We all love the spey game. Whether chasing kings, steelhead, sea run browns or dollies, or resident bow bows and brown trout via trout spey, swinging flies is getting under the skin of anglers chasing all kinds of different species. Targeting each of these species on a swung fly can be different from species to species as well as different in any given river or run.
Let’s take steelhead as a prime example of this. More often than not, an average Spey cast can yield great results with fish present. Here, a 45 to 70 foot cast can (and often does) catch a fish in a given run. I’ve seen marginal casters ‘clean up’ in popular runs that lend themselves to such places like British Columbia’s Dean River or Oregon’s Sandy River to name a couple. I’ve also seen runs on the Dean where anything under 90 feet is simply casting practice. In other places, Idaho’s Clearwater being a fabulous example, you could hook one 5 feet off the bank or 105 feet out in the middle of the ditch making literally any cast a viable option as they can be (and often are) anywhere in Idaho’s crown jewel! However, regardless of casting distance, it’s the “Net Swing” that equates to the true swing within the context of that given cast that actually puts the fly in front of a fish. For example:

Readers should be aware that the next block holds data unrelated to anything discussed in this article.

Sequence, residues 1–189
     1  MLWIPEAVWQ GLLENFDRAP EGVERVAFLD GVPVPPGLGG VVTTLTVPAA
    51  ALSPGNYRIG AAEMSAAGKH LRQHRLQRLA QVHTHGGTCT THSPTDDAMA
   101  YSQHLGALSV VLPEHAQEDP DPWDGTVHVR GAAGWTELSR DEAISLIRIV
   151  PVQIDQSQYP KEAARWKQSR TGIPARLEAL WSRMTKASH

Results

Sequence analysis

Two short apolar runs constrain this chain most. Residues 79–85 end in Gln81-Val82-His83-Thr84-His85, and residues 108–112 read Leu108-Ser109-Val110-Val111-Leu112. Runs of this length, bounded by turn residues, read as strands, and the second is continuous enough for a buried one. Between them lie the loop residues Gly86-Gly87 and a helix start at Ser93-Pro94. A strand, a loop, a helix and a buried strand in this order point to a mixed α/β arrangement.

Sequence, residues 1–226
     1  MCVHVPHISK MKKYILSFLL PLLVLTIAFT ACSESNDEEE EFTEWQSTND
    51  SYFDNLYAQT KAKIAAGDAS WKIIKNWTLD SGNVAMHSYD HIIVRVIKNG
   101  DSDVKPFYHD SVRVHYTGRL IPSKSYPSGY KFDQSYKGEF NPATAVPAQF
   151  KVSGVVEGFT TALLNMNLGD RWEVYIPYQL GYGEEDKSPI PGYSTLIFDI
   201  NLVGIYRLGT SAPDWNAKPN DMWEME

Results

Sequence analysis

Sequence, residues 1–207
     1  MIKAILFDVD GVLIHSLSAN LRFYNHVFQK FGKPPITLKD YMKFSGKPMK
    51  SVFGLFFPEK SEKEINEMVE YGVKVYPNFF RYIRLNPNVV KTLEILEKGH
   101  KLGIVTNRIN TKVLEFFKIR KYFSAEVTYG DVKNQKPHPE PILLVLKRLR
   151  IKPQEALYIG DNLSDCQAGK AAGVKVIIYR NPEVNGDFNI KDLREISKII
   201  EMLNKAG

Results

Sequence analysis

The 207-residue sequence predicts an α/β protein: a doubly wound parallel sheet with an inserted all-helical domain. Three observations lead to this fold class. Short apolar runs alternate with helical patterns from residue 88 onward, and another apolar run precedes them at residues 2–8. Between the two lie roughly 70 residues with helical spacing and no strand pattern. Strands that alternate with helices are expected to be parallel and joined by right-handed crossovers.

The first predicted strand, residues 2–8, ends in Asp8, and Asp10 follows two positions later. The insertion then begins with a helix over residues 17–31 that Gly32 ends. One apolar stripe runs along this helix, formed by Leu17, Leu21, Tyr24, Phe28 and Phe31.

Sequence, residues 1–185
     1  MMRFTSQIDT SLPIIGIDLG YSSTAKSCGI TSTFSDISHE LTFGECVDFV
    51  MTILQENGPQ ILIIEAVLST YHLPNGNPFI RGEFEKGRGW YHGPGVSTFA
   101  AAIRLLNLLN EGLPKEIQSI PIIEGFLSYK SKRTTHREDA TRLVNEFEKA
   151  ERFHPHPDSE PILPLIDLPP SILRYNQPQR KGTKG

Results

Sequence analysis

- A 60 foot cast ‘nets’ an effective swing at approximately 45 feet
- A 75 foot cast ‘nets’ an effective swing at approximately 60 feet
- A 90 foot cast ‘nets’ an effective swing at approximately 75 feet (and so on..)
This all begins to put the idea of “Engagement Range” into clear perspective. Simply put; we have to hit “X” distance to effectively fish “Y” water. So, having put this concept/reality before us, lets take a closer look at how some of our favorite Spey pursuits worldwide stack up..